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Best Picture!

So, with the Oscars coming up, I made sure to see all five of the Best Picture films.

Here are my thoughts, without spoilers.


I thought this movie had beautiful cinematography, and Saoirse Ronan, the young girl who plays young Briony Tallis, who's been nominated for Best Supporting, definitely deserves the nomination, although the little girl who plays young Lola is exceptional in her tiny role. Keira Knightley was very good in a role that breaks out of her usual 'type' and James McAvoy was very good as well.

I didn't feel like the main "twist" of the story, which is more effective in a written novel, works very well in a movie. The last five minutes seem like a tacked-on afterthought and it's not as powerful. While it was a good romantic drama, I don't think like it broke any new ground and I was a bit surprised to see it nominated.



Juno was an outstanding, really outstanding comedy, and I remember walking out of the film being truly impressed with Ellen Paige's performance in this movie-- seeing an actress that young who can navigate so smoothly between comedic and serious, heavy dramatic performance is really refreshing and I was pleased to see her nominated. Best picture? Compared to Atonement and Michael Clayton, yes, because it was a very refreshing twist on a teen comedy with excellent writing that tackled a lot of Serious Issues without ever being preachy or making moral judgments. Compared to No Country For Old Men and There Will Be Blood? I don't even think it's in the same league.



While I am a big fan of Tilda Swinton, after seeing this, I was surprised at the supporting nomination for her in what is a good job in a fairly bland role. Tom Wilkinson was the highlight of this movie-- George Clooney was good, but he was playing a typical George Clooney role and didn't do anything outstanding or anything we've never seen from him before. Wilkinson definitely deserved the supporting nomination and in a year that didn't have Javier Bardem, I'd expect him to take this one. The movie was worth seeing for Tom Wilkinson, but other than that, I found this movie to be pretty typical popcorny suspense and not really something I'd expect to win a role. Shoddy editing to cover up for a lack of real tension does not add tension, and the attempt at creating dissonance in the timeline just plain didn't work in this film.



I love the Coen Brothers and I felt like this was an excellent addition to their CV. I felt like this movie made some really important statements about the direction of film and audiences in contemporary America and why the Western died as a genre at the end of the last century. Does it offer up any explanations for why it's slowly coming back? http://www.livejournal.com/update.bml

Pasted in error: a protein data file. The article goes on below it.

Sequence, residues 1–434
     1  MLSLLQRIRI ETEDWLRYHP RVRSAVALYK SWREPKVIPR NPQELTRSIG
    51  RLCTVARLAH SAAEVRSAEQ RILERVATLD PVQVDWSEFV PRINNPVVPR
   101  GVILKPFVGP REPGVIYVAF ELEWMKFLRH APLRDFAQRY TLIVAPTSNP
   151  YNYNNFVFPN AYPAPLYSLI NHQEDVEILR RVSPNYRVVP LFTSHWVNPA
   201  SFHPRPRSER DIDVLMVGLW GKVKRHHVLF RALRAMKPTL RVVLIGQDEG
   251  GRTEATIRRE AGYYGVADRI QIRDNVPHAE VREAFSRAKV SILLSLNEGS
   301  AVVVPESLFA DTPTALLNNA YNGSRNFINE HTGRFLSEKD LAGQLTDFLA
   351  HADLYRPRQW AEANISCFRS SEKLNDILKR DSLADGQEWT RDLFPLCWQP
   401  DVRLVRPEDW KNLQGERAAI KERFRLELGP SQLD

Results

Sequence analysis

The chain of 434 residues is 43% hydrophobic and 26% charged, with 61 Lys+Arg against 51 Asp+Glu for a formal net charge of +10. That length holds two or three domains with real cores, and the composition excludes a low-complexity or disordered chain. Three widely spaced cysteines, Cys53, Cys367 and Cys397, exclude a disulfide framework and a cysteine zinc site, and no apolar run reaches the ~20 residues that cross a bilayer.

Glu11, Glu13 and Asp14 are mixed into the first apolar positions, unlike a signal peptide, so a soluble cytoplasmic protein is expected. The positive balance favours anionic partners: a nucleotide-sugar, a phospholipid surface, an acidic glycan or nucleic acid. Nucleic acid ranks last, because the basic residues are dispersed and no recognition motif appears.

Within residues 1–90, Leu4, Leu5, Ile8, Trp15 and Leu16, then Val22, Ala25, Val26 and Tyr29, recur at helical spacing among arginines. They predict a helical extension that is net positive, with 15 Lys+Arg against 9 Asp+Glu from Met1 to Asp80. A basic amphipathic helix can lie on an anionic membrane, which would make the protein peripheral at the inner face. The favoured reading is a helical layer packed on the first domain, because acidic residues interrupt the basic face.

Post an Entry I'm not sure. But I thought this was a truly fabulous movie. However, I also felt like it wasn't so accessible to a mainstream audience to necessarily be a Best Picture; I'm not sure. The highlight of this film is definitely Bardem's supporting role, and he's my pick for that award, which might be the most competitive category this year.



I tend to have a love-hate relationship with PT Anderson's work-- I love his characters, hate his pacing and stories (or lack thereof, which is usually the problem for me). There Will Be Blood felt like the movie where he finally got it right. Every single element in this film was perfect for me-- the soundtrack, with its dramatic and discordant swells reminiscent of old silent films, was chilling, and Daniel Day-Lewis should be able to pocket the Oscar right now for an absolutely brilliant, brilliant role. I was surprised Paul Dano wasn't nominated for his equally creepy and sympathetic character, but like I said, it is probably the most competitive category this year. The sweeping scenery, the feeling of desperation that the entire film evokes is wonderful, and while I feel like my personal favorite this year is No Country, I think that this is definitely a more universally powerful film that manages to use an important contemporary issue and look at its history in this country through a fictional tale, so this is my pick to win.

Comments

( 12 comments — Leave a comment )
bubonicplague
Feb. 7th, 2008 08:02 pm (UTC)
I love the Coen Brothers as well and desperately wish to see No Country, but it's a bit difficult for me to get out. How would you say it stacks up against their other films?
teaberryblue
Feb. 7th, 2008 08:17 pm (UTC)
It's definitely my favorite of the movies up for best picture, and probably one of the most important movies of recent years, from a film geek perspective. The only reason it's not my pick for Best Movie is because I think that There Will Be Blood is a bit more timely and more accessible to a regular audience. Javier Bardem, who plays the villain, is absolutely in-freaking-credible.

My other favorite Coen brothers movies are Barton Fink and O Brother, Where Art Thou? I think it's probably as groundbreaking as O Brother, in that it completely messes with ideas of archetype and legend, but not in the same way O Brother does, because it's mainly focused on doing it within the realm of film genres. I liked it much better than The Man Who Wasn't There, which is probably the closest thing to this they've tried to do in the past, but I felt like No Country was much more successful. It doesn't have nearly as much of the offbeat comedic feeling that you get even from some of their thrillers, though. Even the funny bits in this are uncomfortably funny and a bit chilling.